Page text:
> the
> high flying moment..
> And after that fleeting moment in the sun
> there is ZERO.
>

Everything, eventually will go to zero, it depends
on ones time frame. We will become extinct no
later than when the sun dies.
Maren Purves
2005-03-14 22:50:07 UTC
Permalink
John W. Bienko wrote:
> I repeat.. gambling does not produce anything..

neither does the service industry, if you take "produce"
literally.

> I do not see anything worthwhile in Las Vegas or Atlantic
> City..

then don't go there. I don't.

> the workers are modern day slaves to the
> moneymaking machine of the gambling corporations..

are they really all that differnt from all of the
other ones who work too?

> Money does not grow on trees.. even in Hawai`i.

does too, if you grow the right trees.
Ever been to a coffee, papaya, macadamia, etc., orchard?

> It is the people who will have to pay for all those
> buildings and gambling facilities..

just like for all other buildings and facilities.
This isn't different between casinos and hospitals or schools.

> and the people will get very little in return.

the ones who do the building do, and the ones who work there,
and ...

(never mind that I'm still against gambling, but even if
it was legal it was still up to me to not do it, yes?)

Maren
MTI
2005-03-15 07:40:05 UTC
Permalink
"Alvin E. Toda" <***@lava.net> wrote in message
news:1110860100-***@news.lava.net...
> When people would rather gamble than go to a luau, it's
> time to worry about what other businesses would be
> affected especially when you realise it is to the
> casino's advantage to supply all the gambler's need
> rather than leaving the hotel to do some touring or
> worse, to gamble at a competitors casino.

***How many luaus can a visitor go to during a 5-7 day stay? One?
Seems
to me that showrooms in casinos will employ a few more local
entertainers,
nah, why would they want to provide entertainment to gamblers, no casion
operator in their right minds would do that . . . ***

> Worse than economic consequences, there are also real
> social disasters that are waiting to happen with
> casinos.

***Alvin . . I think more people have been injured by the health
effects of
2 for 1 Pizza Hut Pizzas, Spam musubis and ZipPaks than will ever be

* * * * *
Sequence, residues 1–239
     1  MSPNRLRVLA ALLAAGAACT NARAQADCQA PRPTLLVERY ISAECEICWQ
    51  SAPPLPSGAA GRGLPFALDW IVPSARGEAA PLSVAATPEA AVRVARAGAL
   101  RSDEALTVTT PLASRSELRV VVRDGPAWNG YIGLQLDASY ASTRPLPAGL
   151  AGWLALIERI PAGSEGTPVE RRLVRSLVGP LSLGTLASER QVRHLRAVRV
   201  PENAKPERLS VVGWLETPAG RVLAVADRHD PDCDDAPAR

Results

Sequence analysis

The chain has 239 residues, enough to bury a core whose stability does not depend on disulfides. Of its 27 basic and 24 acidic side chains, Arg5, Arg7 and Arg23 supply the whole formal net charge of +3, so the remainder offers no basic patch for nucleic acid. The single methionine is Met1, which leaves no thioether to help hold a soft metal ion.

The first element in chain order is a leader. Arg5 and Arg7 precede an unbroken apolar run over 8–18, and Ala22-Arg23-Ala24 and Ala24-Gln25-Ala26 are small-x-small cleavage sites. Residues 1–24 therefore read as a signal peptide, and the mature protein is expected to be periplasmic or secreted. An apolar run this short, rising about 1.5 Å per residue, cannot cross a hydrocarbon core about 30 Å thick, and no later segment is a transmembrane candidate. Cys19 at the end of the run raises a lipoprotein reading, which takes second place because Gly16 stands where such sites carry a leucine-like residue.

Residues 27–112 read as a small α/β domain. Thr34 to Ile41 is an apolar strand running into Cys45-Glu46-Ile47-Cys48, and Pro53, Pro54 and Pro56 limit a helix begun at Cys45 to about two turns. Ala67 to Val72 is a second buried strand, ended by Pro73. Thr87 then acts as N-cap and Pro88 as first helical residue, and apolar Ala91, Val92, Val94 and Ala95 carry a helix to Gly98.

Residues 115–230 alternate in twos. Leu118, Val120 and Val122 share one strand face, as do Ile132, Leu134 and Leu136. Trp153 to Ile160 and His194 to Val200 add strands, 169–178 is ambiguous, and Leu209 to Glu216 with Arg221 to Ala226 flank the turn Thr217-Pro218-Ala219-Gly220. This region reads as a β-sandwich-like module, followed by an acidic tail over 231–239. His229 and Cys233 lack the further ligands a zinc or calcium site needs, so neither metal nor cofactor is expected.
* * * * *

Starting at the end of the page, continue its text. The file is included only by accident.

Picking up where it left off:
injured
by legalized gambling in Hawaii.***

> If the people of Hawaii can gamble all they want now,
> then why do we need casinos? The public funding to
> casinos could be better used to attract or build more
> profitable and sustaining businesses and industries in
> Hawaii.
>
> --alvin
>

***Public funding? I'd want to put extra auditors on the job so that
we,
the public, can keep track of all the money that the state will be
taking
in***
Alvin E. Toda
2005-03-16 06:45:01 UTC
Permalink
On Tue, 15 Mar 2005, MTI wrote:

> ***How many luaus can a visitor go to during a 5-7
> day stay? One? Seems to me that showrooms in casinos
> will employ a few more local entertainers, nah, why
> would they want to provide entertainment to gamblers,
> no casion operator in their right minds would do that
> . . . ***

I always thought that the shows and eats at the casinos
were to attract gamblers from other hotels to their
casino. The more different and desireable the
attractions, the more times they can hope to attract
the same gambler. Was at the California Casino this
December and they provide enough meal tickets that you
really don't have to leave the hotel.

>> Worse than economic consequences, there are also
>> real social disasters that are waiting to happen
>> with casinos.
>
> ***Alvin . . I think more people have been injured
> by the health effects of 2 for 1 Pizza Hut Pizzas,
> Spam musubis and ZipPaks than will ever be injured by
> legalized gambling in Hawaii.***

It's relative. But IIRC there isn't more than 5%
estimated for addicted gamblers in Las Vegas. This
number is sufficient to keep casinos very happy.

>> If the people of Hawaii can gamble all they want
>> now, then why do we need casinos? The public funding
>> to casinos could be better used to attract or build
>> more profitable and sustaining businesses and
>> industries in Hawaii.
>>
>> --alvin
>>
>
> ***Public funding? I'd want to put extra auditors on
> the job so that we, the public, can keep track of all
> the money that the state will be taking in***

Funny that the residents to do not benefit from all of
that money. It isn't the windfall that gambling
supporters claim. It would be far better economically
for Hawaii to use the money that would go to these
casinos to grow say 5 companies like MicroSoft in
Hawaii.

--alvin
MTI
2005-03-16 19:10:03 UTC
Permalink
The employees of the restaurants, showrooms and other amenities that the
casino/hotels provide for their patrons are local people. Remember those